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  •  "A caricature could express so much more humanity, and having decided that this would be my ultimate subject, why not create a caricature of myself to convey the stories I wanted to relate to."  — Yue Minjun

    Chinese contemporary artist Yue Minjun’s satirical self-portraits are pillars of the Cynical Realism movement that originated in 1990s Beijing. Captured in the midst of maniacal laughter, with eyes screwed tightly shut and rows of gleaming enamel-white teeth exposed in a hysterical rictus grin, Yue Minjun’s alter egos embody post-ironic and subversive humour in modern-day Chinese society.

     

    In Altar of Heaven, a likeness of Yue Minjun adopts the bowed gait of generations of manual labourers, upon whose back-breaking efforts ancient and modern civilisations have been constructed. A miniature Hall of Prayer for Good Harvests (祈年殿) from the historic Temple of Heaven complex in Beijing balances precariously upon his back. Considered the apex of traditional Chinese architecture, the Temple of Heaven was first built in 1420 during the reign of the Ming Emperor Yongle, and was visited by the Ming and Qing dynasty Emperors to pray for a good harvest. The Emperor of China was seen as the Son of Heaven and administrator of earthly matters on behalf of the celestial realm, and his twice-yearly visit to the Temple of Heaven was a sacred ritual that began with the Emperor and his retinue clad in special robes and abstaining from eating meat as the procession made its way from the Forbidden City to the Temple. At the climax of this ceremony, the Emperor would personally offer prayers in the Hall of Prayer for Good Harvests, the magnificent triple-gabled circular building 36 metres in diameter and 38 metres tall which stood at the centre of the Temple of Heaven. No ordinary Chinese citizens were allowed to view this procession or the ceremony, and smallest of mistakes was believed to foreshadow a bad omen for the whole nation in the coming year.

     

     

    Temple of Heaven on an 1898 postcard

     

    Richly decorated with distinctive blue glazed roof tiles (representing Heaven) and perched atop three levels of marble stone in a square-walled enclosure (representing Earth), the Hall of Prayer for Good Harvests is in fact a completely wooden structure assembled with no nails, a testament to the skill and tenacity of the many nameless and faceless manual workers who built and rebuilt the structure over the centuries as it fell victim to fire, occupation, war and neglect.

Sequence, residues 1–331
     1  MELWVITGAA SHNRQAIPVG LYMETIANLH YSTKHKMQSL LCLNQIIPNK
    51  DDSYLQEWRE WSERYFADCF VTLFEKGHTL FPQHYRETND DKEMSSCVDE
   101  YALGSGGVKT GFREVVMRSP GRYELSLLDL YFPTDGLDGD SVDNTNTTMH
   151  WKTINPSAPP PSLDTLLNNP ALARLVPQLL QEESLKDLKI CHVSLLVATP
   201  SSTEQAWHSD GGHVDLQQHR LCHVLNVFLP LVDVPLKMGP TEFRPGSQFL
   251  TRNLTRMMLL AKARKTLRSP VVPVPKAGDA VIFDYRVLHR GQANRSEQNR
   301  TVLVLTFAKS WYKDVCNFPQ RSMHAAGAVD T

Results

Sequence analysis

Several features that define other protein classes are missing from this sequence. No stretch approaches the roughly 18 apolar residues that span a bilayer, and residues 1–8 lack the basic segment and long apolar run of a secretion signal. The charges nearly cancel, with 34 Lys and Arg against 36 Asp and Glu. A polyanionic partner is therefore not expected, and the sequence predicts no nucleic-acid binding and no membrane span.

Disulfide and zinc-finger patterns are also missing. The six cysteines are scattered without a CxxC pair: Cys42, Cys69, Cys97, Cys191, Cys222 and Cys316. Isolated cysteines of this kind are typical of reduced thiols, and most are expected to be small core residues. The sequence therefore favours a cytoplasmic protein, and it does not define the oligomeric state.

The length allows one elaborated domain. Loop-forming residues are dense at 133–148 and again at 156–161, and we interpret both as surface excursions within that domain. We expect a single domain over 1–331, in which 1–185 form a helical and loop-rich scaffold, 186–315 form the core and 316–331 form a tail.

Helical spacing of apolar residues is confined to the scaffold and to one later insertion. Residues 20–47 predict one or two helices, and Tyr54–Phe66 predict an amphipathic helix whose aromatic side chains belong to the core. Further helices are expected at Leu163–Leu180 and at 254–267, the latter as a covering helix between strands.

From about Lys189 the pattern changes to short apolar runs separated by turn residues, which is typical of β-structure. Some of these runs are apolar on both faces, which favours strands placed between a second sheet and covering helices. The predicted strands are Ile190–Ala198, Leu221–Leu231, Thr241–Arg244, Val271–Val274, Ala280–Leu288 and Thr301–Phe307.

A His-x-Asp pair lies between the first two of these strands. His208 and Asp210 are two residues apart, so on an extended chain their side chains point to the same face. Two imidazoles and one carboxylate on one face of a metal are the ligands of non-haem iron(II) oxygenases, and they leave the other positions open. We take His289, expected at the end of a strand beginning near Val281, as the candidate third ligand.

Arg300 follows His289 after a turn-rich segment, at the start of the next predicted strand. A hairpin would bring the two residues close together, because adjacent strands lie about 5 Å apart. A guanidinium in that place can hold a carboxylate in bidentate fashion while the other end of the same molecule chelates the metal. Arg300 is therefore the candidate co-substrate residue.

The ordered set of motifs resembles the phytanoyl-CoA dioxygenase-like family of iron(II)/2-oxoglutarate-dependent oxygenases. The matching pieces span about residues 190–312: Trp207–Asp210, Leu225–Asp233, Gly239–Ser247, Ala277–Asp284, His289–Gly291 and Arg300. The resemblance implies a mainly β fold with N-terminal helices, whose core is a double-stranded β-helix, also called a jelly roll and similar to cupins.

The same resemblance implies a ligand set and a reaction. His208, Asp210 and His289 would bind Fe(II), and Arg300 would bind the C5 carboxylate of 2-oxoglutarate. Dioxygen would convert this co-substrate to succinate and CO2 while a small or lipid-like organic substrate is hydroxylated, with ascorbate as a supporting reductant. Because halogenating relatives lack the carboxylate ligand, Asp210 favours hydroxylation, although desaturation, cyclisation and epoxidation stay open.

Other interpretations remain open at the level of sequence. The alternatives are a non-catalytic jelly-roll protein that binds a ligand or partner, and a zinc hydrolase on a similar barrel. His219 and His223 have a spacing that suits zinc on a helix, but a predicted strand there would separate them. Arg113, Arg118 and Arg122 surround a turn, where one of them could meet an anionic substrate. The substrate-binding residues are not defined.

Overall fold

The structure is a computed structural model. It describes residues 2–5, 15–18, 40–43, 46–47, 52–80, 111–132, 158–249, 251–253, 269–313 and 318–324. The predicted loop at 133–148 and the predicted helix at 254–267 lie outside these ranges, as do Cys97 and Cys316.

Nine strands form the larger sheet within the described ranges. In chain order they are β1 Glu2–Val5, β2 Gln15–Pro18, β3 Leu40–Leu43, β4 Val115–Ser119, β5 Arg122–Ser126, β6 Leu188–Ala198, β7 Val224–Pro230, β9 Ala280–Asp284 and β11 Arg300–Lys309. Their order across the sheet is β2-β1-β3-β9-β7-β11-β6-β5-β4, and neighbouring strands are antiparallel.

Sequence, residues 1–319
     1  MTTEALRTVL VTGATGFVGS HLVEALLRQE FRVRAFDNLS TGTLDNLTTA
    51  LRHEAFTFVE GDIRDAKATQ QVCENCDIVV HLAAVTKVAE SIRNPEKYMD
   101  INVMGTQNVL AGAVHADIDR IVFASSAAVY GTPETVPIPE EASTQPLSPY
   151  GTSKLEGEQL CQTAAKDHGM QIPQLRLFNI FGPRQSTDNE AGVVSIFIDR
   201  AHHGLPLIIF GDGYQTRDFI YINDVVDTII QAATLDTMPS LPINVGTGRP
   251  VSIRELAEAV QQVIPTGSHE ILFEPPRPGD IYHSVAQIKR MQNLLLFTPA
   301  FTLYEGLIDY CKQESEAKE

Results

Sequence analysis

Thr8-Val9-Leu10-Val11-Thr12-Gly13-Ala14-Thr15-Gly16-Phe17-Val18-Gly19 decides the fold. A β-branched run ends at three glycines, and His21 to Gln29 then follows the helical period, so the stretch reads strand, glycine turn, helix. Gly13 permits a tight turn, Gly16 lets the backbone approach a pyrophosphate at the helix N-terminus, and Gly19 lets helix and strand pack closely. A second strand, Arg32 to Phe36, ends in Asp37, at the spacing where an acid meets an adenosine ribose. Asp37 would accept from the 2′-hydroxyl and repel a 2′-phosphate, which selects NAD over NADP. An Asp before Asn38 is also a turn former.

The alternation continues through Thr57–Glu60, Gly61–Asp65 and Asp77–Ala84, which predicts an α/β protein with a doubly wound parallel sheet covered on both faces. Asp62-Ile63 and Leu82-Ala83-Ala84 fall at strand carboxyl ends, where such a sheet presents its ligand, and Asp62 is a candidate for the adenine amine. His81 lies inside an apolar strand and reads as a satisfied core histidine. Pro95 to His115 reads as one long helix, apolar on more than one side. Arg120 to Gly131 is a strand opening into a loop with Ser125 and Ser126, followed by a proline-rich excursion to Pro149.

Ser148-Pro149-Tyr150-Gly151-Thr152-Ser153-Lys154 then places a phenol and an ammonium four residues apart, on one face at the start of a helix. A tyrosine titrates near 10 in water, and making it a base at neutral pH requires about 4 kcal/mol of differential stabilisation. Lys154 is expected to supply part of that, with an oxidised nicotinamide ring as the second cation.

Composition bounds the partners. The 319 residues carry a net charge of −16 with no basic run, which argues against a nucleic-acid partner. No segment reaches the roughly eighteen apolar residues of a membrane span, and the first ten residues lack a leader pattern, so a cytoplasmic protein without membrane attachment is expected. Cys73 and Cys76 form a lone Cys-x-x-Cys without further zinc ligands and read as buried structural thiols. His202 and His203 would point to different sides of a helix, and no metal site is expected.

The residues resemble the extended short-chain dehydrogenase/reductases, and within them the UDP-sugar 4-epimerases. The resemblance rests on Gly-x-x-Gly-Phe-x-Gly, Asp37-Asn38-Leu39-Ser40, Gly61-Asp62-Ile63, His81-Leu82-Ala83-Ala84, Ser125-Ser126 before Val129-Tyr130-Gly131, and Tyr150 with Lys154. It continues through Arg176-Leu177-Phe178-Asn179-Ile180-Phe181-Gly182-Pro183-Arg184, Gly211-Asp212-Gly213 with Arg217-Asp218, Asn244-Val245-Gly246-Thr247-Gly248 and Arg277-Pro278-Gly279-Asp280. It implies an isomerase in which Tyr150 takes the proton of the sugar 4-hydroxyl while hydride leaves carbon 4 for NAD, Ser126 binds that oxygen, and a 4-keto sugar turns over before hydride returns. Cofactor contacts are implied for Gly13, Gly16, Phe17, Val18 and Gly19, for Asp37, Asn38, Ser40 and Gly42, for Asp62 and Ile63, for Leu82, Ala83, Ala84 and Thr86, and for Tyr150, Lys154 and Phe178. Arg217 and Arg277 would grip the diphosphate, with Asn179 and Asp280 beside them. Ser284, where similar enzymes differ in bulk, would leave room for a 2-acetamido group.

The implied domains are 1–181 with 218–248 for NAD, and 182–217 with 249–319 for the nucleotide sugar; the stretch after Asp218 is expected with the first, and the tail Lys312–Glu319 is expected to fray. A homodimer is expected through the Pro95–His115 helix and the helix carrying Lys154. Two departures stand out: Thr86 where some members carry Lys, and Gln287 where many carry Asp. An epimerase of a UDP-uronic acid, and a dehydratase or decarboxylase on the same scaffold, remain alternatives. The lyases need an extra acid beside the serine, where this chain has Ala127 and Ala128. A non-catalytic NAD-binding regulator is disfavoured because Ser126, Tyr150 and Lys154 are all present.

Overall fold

Born in 1962 in northeastern China, Yue Minjun’s coming of age during the Cultural Revolution fueled his interest in social and cultural codes in modern China. Growing up in a state-run danwei (‘work commune’), Yue and his family lived life in strict conformity with the commune’s daily schedule and standardised dress code. Yue worked as an electrician until he enrolled in the oil painting department of Hebei Normal University. He returned to Beijing in 1991 to join a colony of artists who had gathered in Yuanmingyuan around the old imperial Summer Palace. With a prevailing sense of deflated idealism, Yue’s trademark alter egos began to emerge in his work, a self-mocking response to the ludicrousness and impossibility of his social situation:

    "The act of giving up is profoundly human. It prevents conflicts with society and allows inner peace to be preserved. By giving up, one becomes carefree and detached. All problems can be resolved with a laugh, and disappear painlessly. In this way one attains an incomparable peace within."  — Yue Minjun

    The Altar of Heaven ties together many potential interpretations, for example the feudal traditions which literally continue to weigh down society, despite the efforts of the Cultural Revolution to destroy the four ‘olds’ - old ideas, old customs, old habits and old culture. The modern-day labourer and elite classes remain ever divided despite social change, with inequalities between rural Chinese and their urban peers now exacerbated by, for example, the hukou (户口) system that was intended to facilitate the industrialisation and modernisation of Chinese society.

    • Provenance

      Semarang Gallery, Indonesia
      Acquired from the above by the present owner

    • Exhibited

      Berlin, Prüss & Ochs Gallery, Yue Min Jun: Beijing Ironicals, 2003

Ж163

Altar of Heaven

signed and dated 'yue minjun 2003' lower left; signed, inscribed and dated 'Yue Minjun [in Chinese] 2003 The Year of SARS [in Chinese]' on the reverse
oil on canvas
100 x 80 cm. (39 3/8 x 31 1/2 in.)
Painted in 2003.

Full Cataloguing

Estimate
HK$1,000,000 - 2,000,000 
€113,000-227,000
$128,000-256,000

Sold for HK$1,260,000

Contact Specialist

Danielle So
Specialist, Head of Day Sale
+852 2318 2027
[email protected]

20th Century & Contemporary Art & Design Day Sale in Association with Poly Auction

Hong Kong Auction 29 November 2021